Program to educate junior hockey players about sexual violence could be improved, expert says

In 2016, the Ontario Hockey League announced a plan to team up with sexual assault centers across the province to create a program that would educate players on ways to prevent violence. male sexuality towards women.

Called OHL Onside, the program required players and a coach from all 20 teams to participate in a two-hour training session led by someone from the local sexual assault center in their city.

In London, Anna Lise Trudell of Anova – an organization that helps and shelters abused women – led the sessions with London Knights players.

Trudell said that at the time of its inception, the Onside program was seen as proactive, a way to get players talking about topics like toxic male masculinity, consent and the origins of gender-based sexual violence. .

« We know from research that athletic membership and fraternity membership are where the incidence of sexual assault is highest, » Trudell said. « And it’s not because hockey causes rape, but it’s because there are these subcultures in these spaces that don’t call out when there’s bad behavior. »

The overriding idea was not to defame male hockey players by calling them predators or aggressors, but rather to bring to the table some of the issues surrounding men’s sexual violence against women early in their careers. at hockey. Some OHL players are only 16 when they enter the league.

The issue of sexual violence against women in hockey has been in the headlines for the past few weeks. Last month, it was revealed that Hockey Canada had paid an out-of-court settlement to a woman who claimed she was assaulted by eight members of Canada’s world junior hockey team following an event in London, Ontario.

The players involved in the London incident have not been identified. Worried about the way the situation was handled and a lack of structural change in the organization, the federal government withdrew its financial support to Hockey Canada. Since then, Hockey Canada’s corporate partners, including Tim Hortons and Scotiabank, have ceased their support.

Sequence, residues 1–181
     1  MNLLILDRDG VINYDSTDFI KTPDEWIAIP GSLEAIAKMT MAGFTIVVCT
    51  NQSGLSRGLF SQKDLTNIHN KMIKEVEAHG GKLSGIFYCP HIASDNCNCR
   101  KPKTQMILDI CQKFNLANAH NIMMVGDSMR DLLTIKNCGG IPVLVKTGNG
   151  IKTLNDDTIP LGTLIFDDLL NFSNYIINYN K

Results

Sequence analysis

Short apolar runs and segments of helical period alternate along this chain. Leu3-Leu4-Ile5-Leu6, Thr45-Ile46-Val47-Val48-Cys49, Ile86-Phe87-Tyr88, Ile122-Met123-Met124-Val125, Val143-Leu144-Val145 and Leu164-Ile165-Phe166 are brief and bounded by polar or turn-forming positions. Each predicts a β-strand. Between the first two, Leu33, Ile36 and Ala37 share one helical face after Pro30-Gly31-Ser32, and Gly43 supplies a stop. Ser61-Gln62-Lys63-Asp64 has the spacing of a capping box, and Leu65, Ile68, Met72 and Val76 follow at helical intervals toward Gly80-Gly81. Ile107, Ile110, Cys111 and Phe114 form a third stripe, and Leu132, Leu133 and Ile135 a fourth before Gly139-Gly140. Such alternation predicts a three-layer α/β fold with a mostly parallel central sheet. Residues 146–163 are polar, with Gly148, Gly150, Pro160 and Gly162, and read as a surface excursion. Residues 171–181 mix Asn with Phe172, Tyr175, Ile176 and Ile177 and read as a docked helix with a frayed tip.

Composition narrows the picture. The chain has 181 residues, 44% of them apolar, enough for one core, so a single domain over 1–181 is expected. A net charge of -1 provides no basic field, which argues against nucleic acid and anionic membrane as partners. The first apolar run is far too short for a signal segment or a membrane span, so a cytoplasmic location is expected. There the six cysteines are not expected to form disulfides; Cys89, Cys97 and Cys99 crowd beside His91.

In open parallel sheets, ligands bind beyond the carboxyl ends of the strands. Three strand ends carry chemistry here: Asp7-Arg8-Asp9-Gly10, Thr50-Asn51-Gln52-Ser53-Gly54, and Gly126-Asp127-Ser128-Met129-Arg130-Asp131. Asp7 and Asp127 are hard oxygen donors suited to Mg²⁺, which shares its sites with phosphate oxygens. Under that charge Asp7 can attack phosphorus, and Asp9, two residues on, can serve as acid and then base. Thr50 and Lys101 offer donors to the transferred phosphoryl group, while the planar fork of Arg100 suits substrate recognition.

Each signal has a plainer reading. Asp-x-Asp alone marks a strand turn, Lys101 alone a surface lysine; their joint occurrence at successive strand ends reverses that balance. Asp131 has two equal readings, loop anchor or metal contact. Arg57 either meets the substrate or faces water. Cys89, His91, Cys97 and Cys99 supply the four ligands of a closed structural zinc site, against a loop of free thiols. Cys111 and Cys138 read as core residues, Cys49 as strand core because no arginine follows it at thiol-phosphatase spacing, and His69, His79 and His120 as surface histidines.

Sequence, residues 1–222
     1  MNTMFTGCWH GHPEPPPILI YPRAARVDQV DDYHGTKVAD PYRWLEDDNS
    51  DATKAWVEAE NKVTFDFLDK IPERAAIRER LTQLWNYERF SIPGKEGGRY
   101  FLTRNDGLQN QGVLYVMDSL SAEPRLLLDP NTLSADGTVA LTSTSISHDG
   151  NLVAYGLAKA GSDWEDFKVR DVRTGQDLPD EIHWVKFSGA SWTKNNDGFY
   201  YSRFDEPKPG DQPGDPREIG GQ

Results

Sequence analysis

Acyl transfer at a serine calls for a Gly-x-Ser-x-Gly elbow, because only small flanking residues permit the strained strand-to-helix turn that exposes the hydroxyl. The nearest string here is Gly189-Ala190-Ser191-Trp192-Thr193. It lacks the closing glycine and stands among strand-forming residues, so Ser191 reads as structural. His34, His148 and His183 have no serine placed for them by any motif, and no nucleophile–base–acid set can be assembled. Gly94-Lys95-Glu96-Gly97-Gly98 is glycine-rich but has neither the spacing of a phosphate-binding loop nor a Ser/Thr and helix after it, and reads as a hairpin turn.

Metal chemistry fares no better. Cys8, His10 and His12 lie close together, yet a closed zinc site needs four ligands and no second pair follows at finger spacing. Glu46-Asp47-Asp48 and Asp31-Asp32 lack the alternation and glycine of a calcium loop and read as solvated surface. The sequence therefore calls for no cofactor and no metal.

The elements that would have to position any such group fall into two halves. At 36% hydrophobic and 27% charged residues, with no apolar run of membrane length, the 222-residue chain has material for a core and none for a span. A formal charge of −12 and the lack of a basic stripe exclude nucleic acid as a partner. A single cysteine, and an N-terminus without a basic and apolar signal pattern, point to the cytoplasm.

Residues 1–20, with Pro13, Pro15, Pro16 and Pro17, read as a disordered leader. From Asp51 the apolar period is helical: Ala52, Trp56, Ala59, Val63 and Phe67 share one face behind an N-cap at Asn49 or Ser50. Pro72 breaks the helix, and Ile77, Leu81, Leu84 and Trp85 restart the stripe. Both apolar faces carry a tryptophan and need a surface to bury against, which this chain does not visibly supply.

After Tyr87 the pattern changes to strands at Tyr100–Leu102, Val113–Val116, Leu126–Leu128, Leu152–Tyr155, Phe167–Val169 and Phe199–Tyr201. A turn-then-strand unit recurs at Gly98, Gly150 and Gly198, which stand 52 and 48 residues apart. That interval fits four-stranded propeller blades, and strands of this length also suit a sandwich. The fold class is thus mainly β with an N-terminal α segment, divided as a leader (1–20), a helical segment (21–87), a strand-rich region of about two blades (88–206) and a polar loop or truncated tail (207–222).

As for the OHL Onside program, some OHL teams were unable to hold sessions during the height of the COVID-19 pandemic last winter. Other teams picked it up this spring.

The London Knights contacted Anova last fall about resuming the program, but Trudell said he received a message from the team before Christmas. At the time, there was a spike in COVID-19 cases and the team said its schedule was changing. There was a promise to return with possible dates once the team’s schedule resumes, but Trudell says that didn’t happen.

CBC News emails to the Knights’ media relations department for clarification were not returned.

OHL will resume its program on the sidelines

In an email to CBC News, an OHL spokesperson said the Onside program has « resumed in the OHL this season » and teams are talking with hosts about expanding it into the 2022-23 season. .

Improving the program is a necessary next step, Trudell said. While the program was quite innovative when it was introduced, but since 2016, other institutions have gone further with similar programs by running them more frequently and organizing training sessions for staff.

« We’re now at the point where on campuses we’re doing multiple hours of training with students over many, many months, » she said. « So having this one-off approach…it’s not good enough anymore. One-off training isn’t going to change behaviors. »

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